One option is to lock your feet into your bike using cycling shoes and look like a cow slowly being tipped over when you can't clip out. The other option is to ride on flat pedals and use a flat, rigid shoe with some grip so you don’t fly over your handlebars as you dive down the descent. There's a lot going on during the downhill. You're standing up, weight balanced, holding on for dear life as the fat on the back of your arms knocks around like a fistful of marbles in a martini shaker. You contemplate your life choices. You wonder if a mountain lion is just giving you a head start. At the very least, you vow to work more on your triceps at the gym. Trust me, you don't need to worry about your feet coming off the pedals as well. For those reasons, I like my Five Tens. Whatever you decide, one thing I know is that your mountain biking shoes shouldn’t double as your gym sneakers. That would kind of be like skiing in jeans.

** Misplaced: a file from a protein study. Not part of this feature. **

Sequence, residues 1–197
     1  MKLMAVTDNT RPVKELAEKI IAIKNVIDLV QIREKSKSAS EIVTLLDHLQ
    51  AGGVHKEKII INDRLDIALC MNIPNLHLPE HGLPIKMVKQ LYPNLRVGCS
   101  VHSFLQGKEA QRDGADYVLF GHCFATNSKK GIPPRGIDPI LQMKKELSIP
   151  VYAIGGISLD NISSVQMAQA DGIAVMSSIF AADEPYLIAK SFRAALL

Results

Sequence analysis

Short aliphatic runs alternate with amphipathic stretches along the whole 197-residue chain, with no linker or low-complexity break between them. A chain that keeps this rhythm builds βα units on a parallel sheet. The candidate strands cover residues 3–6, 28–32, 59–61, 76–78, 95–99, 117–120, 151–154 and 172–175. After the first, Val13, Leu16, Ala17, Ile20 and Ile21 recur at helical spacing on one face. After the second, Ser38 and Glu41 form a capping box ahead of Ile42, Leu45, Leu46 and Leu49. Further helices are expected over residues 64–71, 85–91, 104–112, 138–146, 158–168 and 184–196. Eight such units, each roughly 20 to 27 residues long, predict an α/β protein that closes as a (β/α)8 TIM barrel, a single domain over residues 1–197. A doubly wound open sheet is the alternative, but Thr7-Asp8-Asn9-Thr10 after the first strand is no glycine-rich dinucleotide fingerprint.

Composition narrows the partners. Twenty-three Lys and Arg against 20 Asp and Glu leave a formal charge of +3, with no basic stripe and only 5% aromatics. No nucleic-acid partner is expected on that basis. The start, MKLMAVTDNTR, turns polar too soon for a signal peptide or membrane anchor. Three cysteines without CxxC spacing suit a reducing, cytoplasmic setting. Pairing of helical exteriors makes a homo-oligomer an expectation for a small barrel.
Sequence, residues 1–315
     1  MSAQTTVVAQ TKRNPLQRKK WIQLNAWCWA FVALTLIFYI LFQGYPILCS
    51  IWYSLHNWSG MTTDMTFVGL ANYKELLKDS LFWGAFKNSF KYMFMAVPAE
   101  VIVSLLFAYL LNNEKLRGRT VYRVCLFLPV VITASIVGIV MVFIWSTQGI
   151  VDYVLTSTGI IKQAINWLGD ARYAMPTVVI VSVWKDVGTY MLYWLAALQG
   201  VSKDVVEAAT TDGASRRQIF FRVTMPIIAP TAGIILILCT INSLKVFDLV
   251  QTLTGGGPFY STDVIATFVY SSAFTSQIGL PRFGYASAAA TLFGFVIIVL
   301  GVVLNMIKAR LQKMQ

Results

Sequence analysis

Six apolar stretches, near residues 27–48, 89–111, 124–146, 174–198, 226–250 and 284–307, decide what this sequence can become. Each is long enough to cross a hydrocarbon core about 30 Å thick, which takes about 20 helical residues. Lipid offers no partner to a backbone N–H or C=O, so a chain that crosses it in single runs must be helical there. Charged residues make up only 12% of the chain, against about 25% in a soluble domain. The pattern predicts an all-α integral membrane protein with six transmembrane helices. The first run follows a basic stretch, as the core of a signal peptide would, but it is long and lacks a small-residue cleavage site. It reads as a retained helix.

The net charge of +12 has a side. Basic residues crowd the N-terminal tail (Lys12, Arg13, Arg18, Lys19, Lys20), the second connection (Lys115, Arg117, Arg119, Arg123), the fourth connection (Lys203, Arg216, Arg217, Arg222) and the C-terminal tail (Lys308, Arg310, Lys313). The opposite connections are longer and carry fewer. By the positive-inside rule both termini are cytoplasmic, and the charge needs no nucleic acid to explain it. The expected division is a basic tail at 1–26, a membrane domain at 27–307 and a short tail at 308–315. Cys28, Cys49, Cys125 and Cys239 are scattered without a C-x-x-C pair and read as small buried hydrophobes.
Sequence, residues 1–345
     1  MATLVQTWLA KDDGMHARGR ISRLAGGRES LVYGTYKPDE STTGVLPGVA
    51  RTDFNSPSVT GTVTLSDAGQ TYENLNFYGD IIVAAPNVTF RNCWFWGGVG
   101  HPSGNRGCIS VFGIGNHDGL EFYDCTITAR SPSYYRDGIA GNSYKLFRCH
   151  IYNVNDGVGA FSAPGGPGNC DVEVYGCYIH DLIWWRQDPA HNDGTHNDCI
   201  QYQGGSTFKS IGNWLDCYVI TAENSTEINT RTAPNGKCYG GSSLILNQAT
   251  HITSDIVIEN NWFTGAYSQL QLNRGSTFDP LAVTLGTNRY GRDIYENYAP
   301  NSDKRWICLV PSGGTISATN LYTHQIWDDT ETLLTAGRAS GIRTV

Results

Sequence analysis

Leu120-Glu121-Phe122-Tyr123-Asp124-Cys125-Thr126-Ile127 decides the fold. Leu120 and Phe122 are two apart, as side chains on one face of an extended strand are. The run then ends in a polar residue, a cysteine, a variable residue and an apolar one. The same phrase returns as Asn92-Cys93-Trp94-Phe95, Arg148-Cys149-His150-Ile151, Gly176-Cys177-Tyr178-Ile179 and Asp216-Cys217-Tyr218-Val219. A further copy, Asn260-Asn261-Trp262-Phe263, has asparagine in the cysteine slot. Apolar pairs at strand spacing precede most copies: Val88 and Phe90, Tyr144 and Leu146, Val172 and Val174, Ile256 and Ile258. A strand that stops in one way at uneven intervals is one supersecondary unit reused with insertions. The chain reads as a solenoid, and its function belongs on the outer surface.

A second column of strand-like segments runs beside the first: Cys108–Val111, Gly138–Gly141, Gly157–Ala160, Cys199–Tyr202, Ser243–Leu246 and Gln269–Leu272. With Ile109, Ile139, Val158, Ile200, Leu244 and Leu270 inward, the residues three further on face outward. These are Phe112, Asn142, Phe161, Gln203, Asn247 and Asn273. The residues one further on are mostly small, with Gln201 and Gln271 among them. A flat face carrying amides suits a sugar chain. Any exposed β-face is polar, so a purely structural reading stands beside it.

3. Mountain biking can get dirty
And I’m not talking about the thin layer of dust you’ll have lingering on your skin after a long ride or the sweat that’ll soak your sports bra. As our pack of wonderful women cranked up an incline, our coach Alison would periodically yell out cues like, “Go anal!” or “Boobs to Tubes!” to get us in the right position for the effort. Since saying, “get your butt back against the tip of your seat and your chest down towards the handlebars” is too much of a mouthful mid-mountain, our instructions were brief, but effective. I’m sure any passerbyers who could hear Alison’s orders thought we were in the adult entertainment industry and not just a bunch of middle-aged women huffing our way up a hill.
4. Bike shorts are meant to be worn without undies